US apparel firm cuts off Chinese factory in internment camp
A U.S. supplier of t-shirts and other team apparel to college bookstores cut its ties Wednesday with a Chinese company that drew workers from an internment camp holding targeted members of ethnic minority groups.
In recent years, authorities in the far west Chinese region of Xinjiang have detained an estimated one million Uighurs and Kazakhs in heavily-secured facilities where detainees say they are ordered to renounce their language and religion while pledging loyalty to China’s ruling Communist Party.
Last month, an Associated Press investigation found the Chinese government had also started forcing some detainees to work in manufacturing and food industries. The investigation tracked recent shipments from one such factory, the privately-owned Hetian Taida Apparel, located inside an internment camp, to Badger Sportswear, a leading supplier in Statesville, North Carolina.
In a statement posted to its website, Badger said Wednesday it will no longer do business with Hetian Taida, nor import any goods from the same region “given the controversy around doing business” there.
“Furthermore, we will not ship any product sourced from Hetian Taida currently in our possession,” the company said, adding that the supplier accounted for about one per cent of Badger’s total annual sales.
Repeated calls to Hetian Taida’s chairman, Wu Hongbo, rang unanswered Wednesday. In a previous conversation with the AP, Wu said while Hetian Taida was located in the same compound as one camp that the government calls a “vocational skills education and training centre,” Hetian Taida was not involved in the camp’s activities.
However, Wu said his company employed 20 to 30 “trainees” from the center as part of the region’s efforts to alleviate poverty.
Asked about the case, Chinese Foreign Ministry spokesman Lu Kang said Thursday that while the ministry doesn’t generally comment on individual business decisions, Badger appeared to have been acting on “misinformation.”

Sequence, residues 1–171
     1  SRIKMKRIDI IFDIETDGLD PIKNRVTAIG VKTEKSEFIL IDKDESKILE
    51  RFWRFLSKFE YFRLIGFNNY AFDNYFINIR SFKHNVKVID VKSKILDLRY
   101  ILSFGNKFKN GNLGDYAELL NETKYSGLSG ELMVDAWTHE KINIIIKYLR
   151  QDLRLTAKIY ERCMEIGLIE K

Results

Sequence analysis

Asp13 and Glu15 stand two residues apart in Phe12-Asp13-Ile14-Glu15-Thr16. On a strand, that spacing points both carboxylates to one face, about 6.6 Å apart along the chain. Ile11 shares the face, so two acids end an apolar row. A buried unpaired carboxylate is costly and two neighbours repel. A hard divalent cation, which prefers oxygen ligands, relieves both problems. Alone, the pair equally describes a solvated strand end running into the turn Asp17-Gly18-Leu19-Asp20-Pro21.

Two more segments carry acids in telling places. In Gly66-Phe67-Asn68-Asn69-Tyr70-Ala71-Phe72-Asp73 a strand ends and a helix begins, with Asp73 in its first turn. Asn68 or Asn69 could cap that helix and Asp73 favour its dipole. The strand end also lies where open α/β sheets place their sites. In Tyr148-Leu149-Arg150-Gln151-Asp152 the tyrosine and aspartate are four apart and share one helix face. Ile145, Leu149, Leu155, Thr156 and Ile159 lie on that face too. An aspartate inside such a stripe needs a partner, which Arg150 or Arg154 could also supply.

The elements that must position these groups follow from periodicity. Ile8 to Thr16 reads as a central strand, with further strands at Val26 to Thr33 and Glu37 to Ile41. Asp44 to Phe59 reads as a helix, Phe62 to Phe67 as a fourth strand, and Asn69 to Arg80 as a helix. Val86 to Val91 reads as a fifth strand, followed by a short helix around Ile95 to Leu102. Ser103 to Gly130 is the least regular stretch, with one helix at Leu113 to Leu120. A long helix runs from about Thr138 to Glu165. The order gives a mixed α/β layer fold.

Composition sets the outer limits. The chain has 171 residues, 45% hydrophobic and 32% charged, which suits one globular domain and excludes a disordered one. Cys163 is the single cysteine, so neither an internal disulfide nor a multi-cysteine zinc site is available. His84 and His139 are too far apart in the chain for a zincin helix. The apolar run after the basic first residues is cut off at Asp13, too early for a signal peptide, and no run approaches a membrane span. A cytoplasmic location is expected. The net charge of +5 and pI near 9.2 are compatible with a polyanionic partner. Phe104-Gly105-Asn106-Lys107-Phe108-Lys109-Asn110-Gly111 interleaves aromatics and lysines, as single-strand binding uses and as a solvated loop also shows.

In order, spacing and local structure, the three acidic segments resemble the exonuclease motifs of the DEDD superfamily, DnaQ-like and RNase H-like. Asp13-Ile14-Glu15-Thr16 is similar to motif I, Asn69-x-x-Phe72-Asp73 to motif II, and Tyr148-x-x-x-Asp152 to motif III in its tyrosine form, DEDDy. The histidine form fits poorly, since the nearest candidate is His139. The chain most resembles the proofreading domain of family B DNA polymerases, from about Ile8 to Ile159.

The vocational training centres in Xinjiang are “totally different from so-called forced labour,” Lu said, referring further questions on the camps to statements made by the regional government, which maintains that the centres help poor Uighurs gain employable skills.
“It’s a tragedy for that business,” Lu said.
Universities stocking Badger clothing began pulling items from their shelves and websites after the report appeared in December.
Hetian Taida was certified as complying with good business practices by Worldwide Responsible Accredited Production, which sent an auditor to a different Hetian Taida facility, not the one inside the internment camp. That factory “is not engaged in the use of forced labour,” WRAP and Badger concluded. But Badger added that “historical documentation provided by Hetian Taida regarding their prior facility was insufficient to conclude with certainty” that it had met Badger’s sourcing standards.
WRAP spokesman Seth Lennon confirmed to AP that the facility they investigated is not the same place AP wrote about.
“Our model centres around factories approaching us requesting to be audited,” Lennon wrote in an email. “We do not seek out any factories whatsoever to audit unsolicited.”
The Washington-based Workers Rights Consortium (WRC), which has agreements with many educational institutions across the U.S. to ensure the products they sell on campus are ethically manufactured, conducted its own investigation and found additional evidence confirming the factory supplying Badger was inside an internment camp.
WRC executive director Scott Nova said Wednesday’s announcement reinforces that finding.
“There is nothing in Badger’s statement, or WRAP’s, that calls into question the conclusion that Hetian Taida used detainee labour while producing for Badger,” he said.
Any item that is the product of forced labour is illegal and subject to seizure by U.S. Customs and Border Protection, which said in December it was reviewing the reports. A CBP spokesperson had an automatic message Wednesday that they were unable to respond to emails or telephone calls due to the government shutdown.